“Stop Calling It a Patrol Boat” –USNI

USCGC Angela McShan (WPC-1135), The Coast Guard’s fast response cutters (FRCs) are replacing its Island-class patrol boats, but the FRCs have far greater capabilities than the platform they are replacing. U.S. COAST GUARD (BRANDON MURRAY)

The November 2020 edition of the US Naval Institute Proceedings has an absolutely dynamite article about the current organization of support for the Webber class WPCs. Unfortunately it is member only content. (If you spend time on this website, you really should also be a USNI member.)

He rightly points out that while these ships are being used like WMECs and they are essentially as capable as a 210 other than the flight deck, they have only a third of the crew. Short tours due to promotions often leave the ships without critical skills. Training is problematic. Crew burnout is a problem. Meanwhile they are frequently viewed as “only a patrol boat” and given support similar to that of the preceding 87 and 110 foot patrol boats, in spite of much more sophisticated system.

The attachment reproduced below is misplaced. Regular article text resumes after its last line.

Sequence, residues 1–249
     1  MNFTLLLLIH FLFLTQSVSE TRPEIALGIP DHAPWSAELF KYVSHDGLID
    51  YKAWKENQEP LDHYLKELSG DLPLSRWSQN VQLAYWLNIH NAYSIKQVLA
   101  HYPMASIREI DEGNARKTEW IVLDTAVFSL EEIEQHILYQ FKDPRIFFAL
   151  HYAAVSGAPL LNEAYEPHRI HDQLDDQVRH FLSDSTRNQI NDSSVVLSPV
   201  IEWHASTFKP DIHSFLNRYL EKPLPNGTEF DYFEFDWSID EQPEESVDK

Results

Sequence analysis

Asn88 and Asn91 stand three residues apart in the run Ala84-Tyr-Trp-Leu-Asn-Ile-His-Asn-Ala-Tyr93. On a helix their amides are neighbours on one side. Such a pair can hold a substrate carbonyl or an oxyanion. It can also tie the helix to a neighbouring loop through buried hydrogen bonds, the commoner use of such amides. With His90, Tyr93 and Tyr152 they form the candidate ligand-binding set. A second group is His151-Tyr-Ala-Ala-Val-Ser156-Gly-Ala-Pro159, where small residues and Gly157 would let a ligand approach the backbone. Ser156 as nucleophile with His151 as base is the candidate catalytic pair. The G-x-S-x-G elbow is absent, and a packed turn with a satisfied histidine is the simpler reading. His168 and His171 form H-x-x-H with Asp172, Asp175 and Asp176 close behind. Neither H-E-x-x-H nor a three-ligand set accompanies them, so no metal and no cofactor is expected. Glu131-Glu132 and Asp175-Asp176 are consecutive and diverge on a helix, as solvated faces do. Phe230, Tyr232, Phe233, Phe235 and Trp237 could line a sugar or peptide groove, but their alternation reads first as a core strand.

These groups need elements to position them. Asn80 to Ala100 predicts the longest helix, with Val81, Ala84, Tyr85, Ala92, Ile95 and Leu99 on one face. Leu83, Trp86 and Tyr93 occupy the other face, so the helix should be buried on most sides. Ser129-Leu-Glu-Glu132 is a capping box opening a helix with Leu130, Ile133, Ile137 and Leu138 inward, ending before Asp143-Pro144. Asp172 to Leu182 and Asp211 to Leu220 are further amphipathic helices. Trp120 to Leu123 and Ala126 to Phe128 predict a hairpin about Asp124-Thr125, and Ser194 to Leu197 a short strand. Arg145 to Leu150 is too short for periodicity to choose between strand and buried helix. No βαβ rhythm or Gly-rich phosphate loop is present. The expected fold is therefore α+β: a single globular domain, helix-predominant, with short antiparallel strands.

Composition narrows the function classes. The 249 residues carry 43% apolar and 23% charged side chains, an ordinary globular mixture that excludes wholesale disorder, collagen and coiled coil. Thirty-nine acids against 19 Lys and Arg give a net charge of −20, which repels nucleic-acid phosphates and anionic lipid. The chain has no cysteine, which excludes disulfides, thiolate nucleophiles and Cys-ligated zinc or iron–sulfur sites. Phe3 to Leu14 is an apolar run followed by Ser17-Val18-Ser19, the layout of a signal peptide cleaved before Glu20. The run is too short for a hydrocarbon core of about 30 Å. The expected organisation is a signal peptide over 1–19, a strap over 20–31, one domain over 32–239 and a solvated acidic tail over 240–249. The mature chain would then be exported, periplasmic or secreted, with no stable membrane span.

His solution is a squadron organization that would consolidate administrative control of the assets, provide senior leadership and resident expertise for the various ratings, and provide a source for backfill of short term personnel shortfalls, similar to what has been done with PATFORSWA,Β at least in Miami, San Juan, Key West, and San Pedro where four or more Webber class are based together.

The Coast Guard, District Seven in particular, should really take a serious look at this proposal.

I made a similar proposal for 19 divisions of three cutters each back in 2011. It included a slow crew rotation process as a sort of proof of concept when we were still considering the “Crew Rotation Concept” for the larger cutters.

I might add, stop calling them “Fast Response Cutters.” It leaves the wrong impression of how they are used and their capability.